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Scince of everyday things vol 1 - Knight J.

Knight J. Scince of everyday things vol 1 - shalger information group book, 2001. - 375 p.
Download (direct link): scienceofeverydaythingsvolume12001.djvu
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pure substance: A substance— either an element or compound—that has an unvarying composition. This means that by changing the proportions of atoms, the result would be an entirely different substance. Compare with mixture.
qualitative: Involving a comparison between qualities that are not precisely defined, such as “fast” and “slow” or “warm” and “cold.”
quantitative: Involving a comparison between precise quantities—for instance, 10 lb vs. 100 lb, or 50 MPH vs. 120 MPH.
saturated: A qualitative term describing a solution that contains as much solute as it can dissolve at a given temperature.
sdlubility: In a broad, qualitative sense, solubility refers to the property of being soluble. Chemists, however, usually
apply the word in a quantitative sense, to indicate the maximum amount of a substance that dissolves in a given amount of solvent at a specific temperature. Solubility is usually expressed in grams of solute per 100 g of solvent.
soluble: Capable of dissolving in a solvent.
sdlute: The substance or substances that are dissolved in a solvent to form a solution.
sdlutidn: A homogeneous mixture in which one or more substances (the solute) is dissolved in a solvent—for example, sugar dissolved in water.
solvent: The substance or substances that dissolve a solute to form a solution.
surfactant: A substance made up of molecules that are both water- and oil-soluble, which acts as an agent for joining other substances in an emulsion.
unsaturated: A term describing a solution that is capable of dissolving additional solute, if that solute is introduced to it.
um chromate (K2Cr04) is added to an aqueous solution of barium nitrate (Ba[N03]2 to form solid barium chromate (BaCr04) and a solution of potassium nitrate (KN03). This reaction is described in the essay on Chemical Reactions.
We have primarily discussed liquid solutions, and in particular aqueous solutions. It should be stressed, however, that solutions can also exist in the gaseous or solid phases. The air we breathe is a solution, not a compound: in other words, there is no such thing as an “air molecule.” Instead, it is made up of diatomic ele-
ments (those in which two atoms join to form a molecule of a single element); monatomic elements (those elements that exist as single atoms); one element in a triatomic molecule; and two compounds.
The “solvent” in air is nitrogen, a diatomic element that accounts for 78% of Earth’s atmosphere. Oxygen, also diatomic, constitutes an additional 21%. Argon, which like all noble gases is monatomic, ranks a distant third, with 0.93%. The remaining 0.07% is made up of traces of other noble gases; the two compounds men-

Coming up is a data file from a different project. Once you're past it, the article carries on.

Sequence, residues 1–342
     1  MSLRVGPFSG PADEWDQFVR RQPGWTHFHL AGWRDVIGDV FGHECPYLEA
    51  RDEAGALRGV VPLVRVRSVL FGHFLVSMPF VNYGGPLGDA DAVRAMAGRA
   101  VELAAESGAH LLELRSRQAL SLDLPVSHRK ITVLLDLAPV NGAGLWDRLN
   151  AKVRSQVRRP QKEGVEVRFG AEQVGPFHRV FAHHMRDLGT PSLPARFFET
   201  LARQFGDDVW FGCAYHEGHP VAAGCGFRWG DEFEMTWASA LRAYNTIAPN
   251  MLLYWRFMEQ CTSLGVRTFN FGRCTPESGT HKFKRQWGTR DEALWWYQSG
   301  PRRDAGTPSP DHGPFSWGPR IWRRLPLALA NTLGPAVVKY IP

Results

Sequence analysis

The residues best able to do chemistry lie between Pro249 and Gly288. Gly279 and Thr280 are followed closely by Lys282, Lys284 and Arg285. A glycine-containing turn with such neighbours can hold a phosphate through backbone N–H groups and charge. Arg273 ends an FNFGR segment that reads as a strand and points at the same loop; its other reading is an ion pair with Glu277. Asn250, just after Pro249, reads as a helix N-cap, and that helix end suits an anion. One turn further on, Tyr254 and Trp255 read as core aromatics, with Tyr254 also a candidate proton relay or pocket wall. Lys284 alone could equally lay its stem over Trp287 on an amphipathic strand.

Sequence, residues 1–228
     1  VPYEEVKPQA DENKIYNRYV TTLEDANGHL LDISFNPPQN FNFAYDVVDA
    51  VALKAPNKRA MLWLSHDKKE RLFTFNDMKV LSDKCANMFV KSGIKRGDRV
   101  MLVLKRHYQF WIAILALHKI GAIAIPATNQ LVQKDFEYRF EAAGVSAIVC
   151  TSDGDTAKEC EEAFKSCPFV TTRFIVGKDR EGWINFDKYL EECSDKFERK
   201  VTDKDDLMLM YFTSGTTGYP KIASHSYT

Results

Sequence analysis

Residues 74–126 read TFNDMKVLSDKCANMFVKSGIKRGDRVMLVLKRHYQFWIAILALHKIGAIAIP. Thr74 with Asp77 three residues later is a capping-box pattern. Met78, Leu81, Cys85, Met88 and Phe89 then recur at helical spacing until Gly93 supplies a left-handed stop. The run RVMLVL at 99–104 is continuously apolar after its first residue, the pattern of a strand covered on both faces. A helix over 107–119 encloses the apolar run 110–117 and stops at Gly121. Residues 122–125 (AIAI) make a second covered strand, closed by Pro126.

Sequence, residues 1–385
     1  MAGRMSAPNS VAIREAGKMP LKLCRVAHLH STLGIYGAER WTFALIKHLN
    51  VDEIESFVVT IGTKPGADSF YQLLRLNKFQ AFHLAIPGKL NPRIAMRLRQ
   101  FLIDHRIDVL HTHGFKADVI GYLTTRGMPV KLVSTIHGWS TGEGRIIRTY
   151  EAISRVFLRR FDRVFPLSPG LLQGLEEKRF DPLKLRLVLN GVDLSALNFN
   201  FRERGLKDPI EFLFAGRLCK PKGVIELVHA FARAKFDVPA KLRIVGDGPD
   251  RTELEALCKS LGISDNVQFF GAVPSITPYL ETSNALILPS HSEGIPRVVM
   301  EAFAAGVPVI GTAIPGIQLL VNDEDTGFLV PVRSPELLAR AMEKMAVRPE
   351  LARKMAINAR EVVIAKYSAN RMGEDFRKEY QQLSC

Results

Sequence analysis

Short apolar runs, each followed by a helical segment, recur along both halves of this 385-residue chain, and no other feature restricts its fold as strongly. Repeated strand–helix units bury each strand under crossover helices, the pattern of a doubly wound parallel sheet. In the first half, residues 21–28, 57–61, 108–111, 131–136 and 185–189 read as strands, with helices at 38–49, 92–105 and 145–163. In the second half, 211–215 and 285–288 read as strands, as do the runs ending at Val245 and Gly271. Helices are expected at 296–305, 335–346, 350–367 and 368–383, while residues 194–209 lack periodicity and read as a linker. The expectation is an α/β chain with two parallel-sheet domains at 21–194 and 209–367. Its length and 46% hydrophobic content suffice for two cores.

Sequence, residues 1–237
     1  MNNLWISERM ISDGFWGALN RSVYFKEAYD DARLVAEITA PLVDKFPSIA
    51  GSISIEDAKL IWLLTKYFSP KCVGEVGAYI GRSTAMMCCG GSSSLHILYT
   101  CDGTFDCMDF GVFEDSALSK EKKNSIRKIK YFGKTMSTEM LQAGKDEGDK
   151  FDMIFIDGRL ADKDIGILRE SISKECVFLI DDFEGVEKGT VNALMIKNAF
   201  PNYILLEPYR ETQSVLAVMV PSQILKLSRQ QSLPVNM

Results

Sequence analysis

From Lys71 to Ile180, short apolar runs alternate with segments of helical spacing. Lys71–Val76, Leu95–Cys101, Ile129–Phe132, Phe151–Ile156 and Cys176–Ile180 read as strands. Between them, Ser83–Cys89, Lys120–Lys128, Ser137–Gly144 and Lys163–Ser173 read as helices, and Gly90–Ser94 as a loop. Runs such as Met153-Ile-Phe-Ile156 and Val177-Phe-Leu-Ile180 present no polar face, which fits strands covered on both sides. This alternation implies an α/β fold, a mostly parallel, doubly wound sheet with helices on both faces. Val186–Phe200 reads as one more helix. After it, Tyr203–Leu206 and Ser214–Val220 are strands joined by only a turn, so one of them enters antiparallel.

tioned, carbon dioxide and water (in vapor form); and, high in the atmosphere, the triatom-ic form of oxygen known as ozone (03).
The most significant solid solutions are alloys of metals, discussed in the essay on Mixtures, as well as in essays on various metal families, particularly the Transition Metals. Some well-known alloys include bronze (three-quarters copper, one-quarter tin); brass (two-thirds copper, one-third zinc); pewter (a mixture of tin and copper with traces of antimony); and numerous alloys of iron—particularly steel—as well as alloys involving other metals.
“Aqueous Solutions” (Web site). <http://www.tannerm. com/aqueous.htm> (June 6, 2001).
Gibson, Gary. Making Things Change. Brookfield, CT: Copper Beech Books, 1995.
Hauser, Jill Frankel. Super Science Concoctions: 50 Mysterious Mixtures for Fabulous Fun. Charlotte, VT: Williamson Publishing, 1996.
“Introduction to Solutions” (Web site). <http://edie.> (June 6, 2001).
Knapp, Brian J. Air and Water Chemistry. Illustrated by David Woodroffe. Danbury, CT: Grolier Educational, 1998.
Seller, Mick. Elements, Mixtures, and Reactions. New York: Shooting Star Press, 1995.
“Solubility ” Spark Notes (Web site). <http://www. html> (June 6, 2001).
“Solutions and Solubility” (Web site). <http://educ. mol.htm> (June 6, 2001).
Watson, Philip. Liquid Magic. Illustrated by Elizabeth Wood and Ronald Fenton. New York: Lothrop, Lee, and Shepard Books, 1982.
Zumdahl, Steven S. Introductory Chemistry: A Foundation, 4th ed. Boston: Houghton Mifflin, 2000.
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The term osmosis describes the movement of a solvent through a semipermeable membrane from a less concentrated solution to a more concentrated one. Water is sometimes called “the perfect solvent,” and living tissue (for example, a human being’s cell walls) is the best example of a semipermeable membrane. Osmosis has a number of life-preserving functions: it assists plants in receiving water, it helps in the preservation of fruit and meat, and is even used in kidney dialysis. In addition, osmosis can be reversed to remove salt and other impurities from water.
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